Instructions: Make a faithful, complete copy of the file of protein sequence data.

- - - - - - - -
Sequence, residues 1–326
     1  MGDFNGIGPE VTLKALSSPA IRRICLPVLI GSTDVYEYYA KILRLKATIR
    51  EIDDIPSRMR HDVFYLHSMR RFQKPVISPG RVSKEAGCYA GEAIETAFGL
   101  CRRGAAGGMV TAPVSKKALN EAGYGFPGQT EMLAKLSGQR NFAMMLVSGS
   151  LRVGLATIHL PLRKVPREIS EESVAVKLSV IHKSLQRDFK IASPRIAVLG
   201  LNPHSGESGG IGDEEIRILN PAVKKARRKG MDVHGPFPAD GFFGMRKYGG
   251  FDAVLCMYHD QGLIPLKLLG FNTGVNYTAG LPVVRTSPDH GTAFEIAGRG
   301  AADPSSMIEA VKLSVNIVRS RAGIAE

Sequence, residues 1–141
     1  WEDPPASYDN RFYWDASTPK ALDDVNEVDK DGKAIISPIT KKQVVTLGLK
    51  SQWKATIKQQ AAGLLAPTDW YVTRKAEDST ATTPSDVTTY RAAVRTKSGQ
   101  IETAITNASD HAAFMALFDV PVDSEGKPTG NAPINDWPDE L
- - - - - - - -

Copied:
Sequence, residues 1–326
     1  MGDFNGIGPE VTLKALSSPA IRRICLPVLI GSTDVYEYYA KILRLKATIR
    51  EIDDIPSRMR HDVFYLHSMR RFQKPVISPG RVSKEAGCYA GEAIETAFGL
   101  CRRGAAGGMV TAPVSKKALN EAGYGFPGQT EMLAKLSGQR NFAMMLVSGS
   151  LRVGLATIHL PLRKVPREIS EESVAVKLSV IHKSLQRDFK IASPRIAVLG
   201  LNPHSGESGG IGDEEIRILN PAVKKARRKG MDVHGPFPAD GFFGMRKYGG
   251  FDAVLCMYHD QGLIPLKLLG FNTGVNYTAG LPVVRTSPDH GTAFEIAGRG
   301  AADPSSMIEA VKLSVNIVRS RAGIAE

Sequence, residues 1–141
     1  WEDPPASYDN RFYWDASTPK ALDDVNEVDK DGKAIISPIT KKQVVTLGLK
    51  SQWKATIKQQ AAGLLAPTDW YVTRKAEDST ATTPSDVTTY RAAVRTKSGQ
   101  IETAITNASD HAAFMALFDV PVDSEGKPTG NAPINDWPDE L